7 Star Trek Hangover 7 Shrek f oreever Hangover
8 Blind side Monsters vs. Aliens 8 Despicable me 2012
9 Monster vs.Aliens Ice Age 3 9 How to train your dragon Mickael Jackson
10 Ice Age 3 Proposal 10 Karate Kid Sherlock Holmes
11 X-Men origin Bolt 11 Clash of titans Cloudy with chances of meatballs
12 Night at the museum 2 X -men origin 12 Grown uos Couples retreat
13 Proposal GI Joe 13 The last airbender Up
14 2012 Taken 14 Shutter island The book of Eli
15 Alvin & the chimpmunks Gran Torino 15 Salt The Hurt locker
16 Fast & f urious Marley & me 16 Valentine’s Day Law abiding citizen
17 GI Joe Beverly Hills chihuahua 17 Robin Hood Zombieland
18 Mall cop The Dark knight 18 The other guys It’s complicated
19 Taken Mall cops 19 Date night Percy Jackson
20 Sherlock holmes Hannah montana 20 Sex & the City 2 Clash of titans

Source: Boxofficemojo, PricewaterhouseCoopers analysis

But it cannot be emphasized enough that a 3D film must be good to generate


strong DVD sales. In both theaters and the DVD market, you can charge a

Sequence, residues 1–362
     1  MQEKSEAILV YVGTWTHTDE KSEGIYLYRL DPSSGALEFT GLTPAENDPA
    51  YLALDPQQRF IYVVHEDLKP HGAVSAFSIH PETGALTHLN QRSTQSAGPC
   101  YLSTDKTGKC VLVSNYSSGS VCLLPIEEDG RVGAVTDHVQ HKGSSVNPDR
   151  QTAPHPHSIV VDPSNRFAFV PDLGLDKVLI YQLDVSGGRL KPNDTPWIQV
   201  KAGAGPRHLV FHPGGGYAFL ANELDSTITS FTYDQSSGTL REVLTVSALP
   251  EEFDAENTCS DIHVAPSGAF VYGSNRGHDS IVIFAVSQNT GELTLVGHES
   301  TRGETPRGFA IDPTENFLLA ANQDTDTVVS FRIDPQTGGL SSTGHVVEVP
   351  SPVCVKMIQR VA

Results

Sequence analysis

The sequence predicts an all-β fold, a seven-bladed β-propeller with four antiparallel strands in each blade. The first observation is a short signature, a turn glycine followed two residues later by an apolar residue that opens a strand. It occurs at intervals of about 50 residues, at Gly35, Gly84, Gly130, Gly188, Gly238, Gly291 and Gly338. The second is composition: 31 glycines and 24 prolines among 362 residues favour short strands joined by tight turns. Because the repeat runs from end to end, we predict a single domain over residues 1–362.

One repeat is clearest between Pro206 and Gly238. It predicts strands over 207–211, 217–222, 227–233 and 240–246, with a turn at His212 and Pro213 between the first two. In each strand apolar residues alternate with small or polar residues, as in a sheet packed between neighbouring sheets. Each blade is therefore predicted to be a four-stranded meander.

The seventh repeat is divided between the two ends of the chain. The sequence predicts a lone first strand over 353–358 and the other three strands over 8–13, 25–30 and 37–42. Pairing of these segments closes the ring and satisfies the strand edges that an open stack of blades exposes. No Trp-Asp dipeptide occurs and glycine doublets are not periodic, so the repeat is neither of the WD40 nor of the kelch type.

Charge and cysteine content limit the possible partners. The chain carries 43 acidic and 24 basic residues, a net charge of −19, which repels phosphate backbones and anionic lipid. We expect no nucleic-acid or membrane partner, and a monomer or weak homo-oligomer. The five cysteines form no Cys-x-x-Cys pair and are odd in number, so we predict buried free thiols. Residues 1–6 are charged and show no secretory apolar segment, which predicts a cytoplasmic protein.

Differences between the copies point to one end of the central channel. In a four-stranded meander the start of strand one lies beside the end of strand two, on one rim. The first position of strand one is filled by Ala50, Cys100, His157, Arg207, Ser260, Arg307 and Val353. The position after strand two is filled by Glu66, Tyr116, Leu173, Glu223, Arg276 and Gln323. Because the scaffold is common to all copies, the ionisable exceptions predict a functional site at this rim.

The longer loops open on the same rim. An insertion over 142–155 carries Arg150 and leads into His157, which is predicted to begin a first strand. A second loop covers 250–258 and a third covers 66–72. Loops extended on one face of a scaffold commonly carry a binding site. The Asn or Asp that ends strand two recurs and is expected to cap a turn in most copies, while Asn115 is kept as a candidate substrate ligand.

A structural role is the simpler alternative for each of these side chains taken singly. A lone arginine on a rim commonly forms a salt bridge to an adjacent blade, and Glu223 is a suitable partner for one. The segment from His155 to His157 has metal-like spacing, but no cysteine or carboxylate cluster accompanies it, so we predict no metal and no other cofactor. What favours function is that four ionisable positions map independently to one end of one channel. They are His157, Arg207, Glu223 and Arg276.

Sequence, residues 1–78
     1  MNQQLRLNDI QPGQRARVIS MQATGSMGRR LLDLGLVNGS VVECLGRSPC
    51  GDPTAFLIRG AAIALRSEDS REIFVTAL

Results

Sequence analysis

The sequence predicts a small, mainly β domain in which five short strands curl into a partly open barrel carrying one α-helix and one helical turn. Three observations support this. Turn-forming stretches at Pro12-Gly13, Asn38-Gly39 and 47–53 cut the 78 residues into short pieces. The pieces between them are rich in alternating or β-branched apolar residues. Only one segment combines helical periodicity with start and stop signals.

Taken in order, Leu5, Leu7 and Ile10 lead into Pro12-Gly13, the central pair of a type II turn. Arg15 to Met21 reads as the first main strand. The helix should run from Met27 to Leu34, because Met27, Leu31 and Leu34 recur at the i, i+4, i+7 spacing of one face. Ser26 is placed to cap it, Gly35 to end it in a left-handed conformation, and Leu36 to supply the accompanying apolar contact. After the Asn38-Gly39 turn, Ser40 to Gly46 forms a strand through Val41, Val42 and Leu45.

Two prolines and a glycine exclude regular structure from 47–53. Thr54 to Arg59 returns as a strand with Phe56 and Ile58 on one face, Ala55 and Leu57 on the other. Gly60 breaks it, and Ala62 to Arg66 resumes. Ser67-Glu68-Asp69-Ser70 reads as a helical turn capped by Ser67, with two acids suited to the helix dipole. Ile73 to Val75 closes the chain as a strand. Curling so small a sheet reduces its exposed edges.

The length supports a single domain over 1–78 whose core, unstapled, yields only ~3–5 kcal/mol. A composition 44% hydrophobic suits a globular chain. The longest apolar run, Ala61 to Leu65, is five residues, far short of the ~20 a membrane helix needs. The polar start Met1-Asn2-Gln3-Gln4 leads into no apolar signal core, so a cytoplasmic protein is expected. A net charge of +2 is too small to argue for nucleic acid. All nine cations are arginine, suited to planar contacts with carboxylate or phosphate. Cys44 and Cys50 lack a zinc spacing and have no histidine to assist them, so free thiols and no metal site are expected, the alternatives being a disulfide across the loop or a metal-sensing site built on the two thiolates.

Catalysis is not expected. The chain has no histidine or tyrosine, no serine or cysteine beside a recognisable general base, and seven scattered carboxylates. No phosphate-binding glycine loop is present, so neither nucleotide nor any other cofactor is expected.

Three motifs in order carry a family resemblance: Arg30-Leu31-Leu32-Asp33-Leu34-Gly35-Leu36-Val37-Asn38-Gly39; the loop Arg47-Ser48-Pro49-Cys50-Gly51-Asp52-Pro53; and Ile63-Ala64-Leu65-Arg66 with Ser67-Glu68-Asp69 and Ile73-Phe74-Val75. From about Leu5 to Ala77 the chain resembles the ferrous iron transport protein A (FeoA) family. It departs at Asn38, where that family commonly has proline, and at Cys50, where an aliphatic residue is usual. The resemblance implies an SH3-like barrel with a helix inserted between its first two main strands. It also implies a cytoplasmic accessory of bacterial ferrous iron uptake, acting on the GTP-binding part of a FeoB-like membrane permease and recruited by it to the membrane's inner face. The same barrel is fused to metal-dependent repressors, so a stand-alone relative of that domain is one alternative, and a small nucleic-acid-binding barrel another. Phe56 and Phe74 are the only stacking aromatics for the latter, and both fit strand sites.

premium for a superior product. But consumers will not pay a premium for a
grade B film, or the not anticipated conversion of a 2D film to 3D. And, as noted
previously, an abundance of less-than-thrilling products can dilute the overall
excitement about 3D.

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A Year of Progress

Financing in Abundance
With all the excitement about 3D, financing has proven little problem for
filmmakers. More than 40 3D movies are already scheduled for 2011.

3D movie analysis
80

70

60

50

5
40
1
69
7
30
3
7 6 48
20
5
3
8 7
10
9
1 8
3 4
-
1
2008 2009 2010 (Released) 2010 (anno unced) 2011 2012+

Native 3D CGI 2D 3D conversion Unknown

Source: www.3dmovielist.com, PwC analysis. Note: the list include short movies

So many people are keen – Conversion can produce a satisfying, So in the world of 3D, an adjustment
sometimes too eager – to finance successful product if conversion is phase is needed: people thought
3D films. This supply of funds in anticipated from the beginning and they could use 3D to make money